Friday, April 15, 2011 – A bill that would give the Indiana governor greater authority on toll projects in the state is nearing passage in the Legislature.
House lawmakers on Thursday, April 14, wrapped up two days of changes to the bill that initially sought to take decisions about using state money or partnering with private groups for toll roads completely out of the hands of state lawmakers.
Since 2006, state law has mandated legislative approval to build or convert existing highways to toll roads. Gov. Mitch Daniels’ “Major Moves” initiative was highlighted by the authorization to lease the Indiana Toll Road for $3.85 billion. The lease deal with a Spanish-Australian consortium runs to 2081.
As amended on the House floor Thursday, a clarification is included that the governor and the state Department of Transportation could decide whether to sign deals with private companies to build toll roads. Legislative approval would still be necessary to convert existing roadways to toll roads.
“We will not convert any current free roads or free highways into a tollway without consent of the General Assembly,” Rep. Ed Soliday, the bill’s House sponsor, told lawmakers.
The change also would authorize the governor to add toll lanes, including truck-only lanes and high-occupancy toll lanes, to existing roadways as long as free lanes are not reduced.
“They will be permitted, without legislative approval, to add toll lanes, including high-occupancy lanes, to existing highways as long as the number of non-tolled lanes doesn’t decrease,” Rep. Ed DeLaney, D-Indianapolis, explained to lawmakers on the House floor. “They could have a truck lane on I-70, but they couldn’t take away the lanes we already have.”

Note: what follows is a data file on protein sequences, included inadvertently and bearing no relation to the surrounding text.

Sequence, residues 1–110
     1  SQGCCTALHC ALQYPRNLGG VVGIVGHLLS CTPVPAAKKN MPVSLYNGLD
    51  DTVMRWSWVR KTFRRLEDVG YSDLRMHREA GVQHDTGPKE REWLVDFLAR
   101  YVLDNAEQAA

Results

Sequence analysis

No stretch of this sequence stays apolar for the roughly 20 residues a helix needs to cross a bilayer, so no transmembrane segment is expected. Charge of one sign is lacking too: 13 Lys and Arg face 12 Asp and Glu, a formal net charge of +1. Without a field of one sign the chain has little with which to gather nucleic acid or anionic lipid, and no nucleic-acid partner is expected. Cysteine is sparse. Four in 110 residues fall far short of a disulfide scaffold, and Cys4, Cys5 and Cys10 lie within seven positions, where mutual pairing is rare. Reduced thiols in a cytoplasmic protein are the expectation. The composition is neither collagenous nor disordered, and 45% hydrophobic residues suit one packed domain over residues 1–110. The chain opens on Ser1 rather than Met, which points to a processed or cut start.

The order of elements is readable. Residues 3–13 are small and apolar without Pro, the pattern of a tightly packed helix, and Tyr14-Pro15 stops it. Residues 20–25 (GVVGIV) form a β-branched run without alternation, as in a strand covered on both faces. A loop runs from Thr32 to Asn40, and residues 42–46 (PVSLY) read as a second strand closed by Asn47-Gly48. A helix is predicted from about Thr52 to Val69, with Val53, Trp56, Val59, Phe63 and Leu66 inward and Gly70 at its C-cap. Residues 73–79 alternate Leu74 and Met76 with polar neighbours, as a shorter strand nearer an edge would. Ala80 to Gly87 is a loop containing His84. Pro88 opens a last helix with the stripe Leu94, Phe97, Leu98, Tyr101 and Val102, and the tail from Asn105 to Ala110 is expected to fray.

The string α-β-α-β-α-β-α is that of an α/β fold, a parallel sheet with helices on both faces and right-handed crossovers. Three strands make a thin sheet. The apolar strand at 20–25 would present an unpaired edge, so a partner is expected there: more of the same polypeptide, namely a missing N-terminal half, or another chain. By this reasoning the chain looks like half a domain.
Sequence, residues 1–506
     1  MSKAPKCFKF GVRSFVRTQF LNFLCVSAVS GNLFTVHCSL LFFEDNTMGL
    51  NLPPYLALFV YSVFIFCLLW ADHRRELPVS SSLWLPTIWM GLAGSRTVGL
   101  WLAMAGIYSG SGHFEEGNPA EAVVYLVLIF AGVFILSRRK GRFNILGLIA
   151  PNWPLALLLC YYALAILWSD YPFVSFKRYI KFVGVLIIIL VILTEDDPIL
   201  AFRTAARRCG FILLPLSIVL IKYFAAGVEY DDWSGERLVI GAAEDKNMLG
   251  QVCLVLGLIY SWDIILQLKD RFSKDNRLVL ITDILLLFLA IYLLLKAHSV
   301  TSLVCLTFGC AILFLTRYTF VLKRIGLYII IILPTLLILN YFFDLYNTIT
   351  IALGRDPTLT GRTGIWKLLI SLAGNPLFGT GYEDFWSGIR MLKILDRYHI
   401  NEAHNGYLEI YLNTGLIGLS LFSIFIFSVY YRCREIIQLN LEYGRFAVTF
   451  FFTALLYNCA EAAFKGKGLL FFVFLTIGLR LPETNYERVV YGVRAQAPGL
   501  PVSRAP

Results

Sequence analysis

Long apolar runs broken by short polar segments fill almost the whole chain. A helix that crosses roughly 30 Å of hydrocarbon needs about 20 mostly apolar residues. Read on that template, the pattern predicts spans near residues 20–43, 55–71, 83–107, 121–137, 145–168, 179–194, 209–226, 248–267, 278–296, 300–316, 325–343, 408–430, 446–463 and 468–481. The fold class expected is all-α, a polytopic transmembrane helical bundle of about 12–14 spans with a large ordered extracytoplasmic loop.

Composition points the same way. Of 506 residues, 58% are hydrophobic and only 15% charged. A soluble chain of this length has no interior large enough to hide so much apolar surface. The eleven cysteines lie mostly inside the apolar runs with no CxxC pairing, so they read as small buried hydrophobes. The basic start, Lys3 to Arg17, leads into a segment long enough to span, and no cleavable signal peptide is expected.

In 2007, the federal government allotted a $5 million grant to Indiana, Illinois, Missouri and Ohio to study adding truck-only lanes along the stretch of Interstate 70 crossing the four states.
The Corridors of the Future program proposes adding four dedicated truck lanes, two in each direction, along the interstate from Kansas City, MO, to the Bridgeport, OH, area.
The volume of freight movement along I-70 and the enticement for additional truck traffic to access the special lanes are listed as benefits of the project.
“These options make I-70 a reasonable candidate for a tolled facility,” according to a DOT website highlighting the program.
The Interstate 69 extension from Indianapolis to Evansville would be unaffected by the bill. The project already under construction is prohibited from being a toll road.
Another change to the bill would limit the governor’s power to 10 years. As introduced the bill included a four-year window, but that was deleted in a House committee.
Rep. Gail Riecken, D-Evansville, has expressed concern about handing over sole responsibility on toll decisions to one person.
“The value in legislative review is that it makes sure the general public has a chance to weigh in on issues such as relocation of homes and, above all, the impact that tolls will have on them financially,” Riecken said in a statement.
The State Budget Agency would be authorized to conduct a review of any proposed public-private project, but they could not take a vote. Prior to the review, feasibility and economic impact studies would be conducted on the proposal. The public could also comment on the issue before the governor announces his decision.
Soliday, R-Valparaiso, said the current setup hinders the state’s ability to move quickly in setting up deals with private groups for road work.
“Having the legislature vote on each project creates problems. The ability to act in a timely way is important to getting successful (public-private partnerships) and optimizing dollars,” Soliday said.
The bill – SB473 – awaits a final House floor vote that could occur as soon as Friday, April 15. If approved, the Senate would need to sign off on changes to the bill before moving to the governor’s desk.
To view other legislative activities of interest for Indiana, click here.
Editor’s Note: Please share your thoughts with us about the legislation included in this story. Comments may be sent to firstname.lastname@example.org.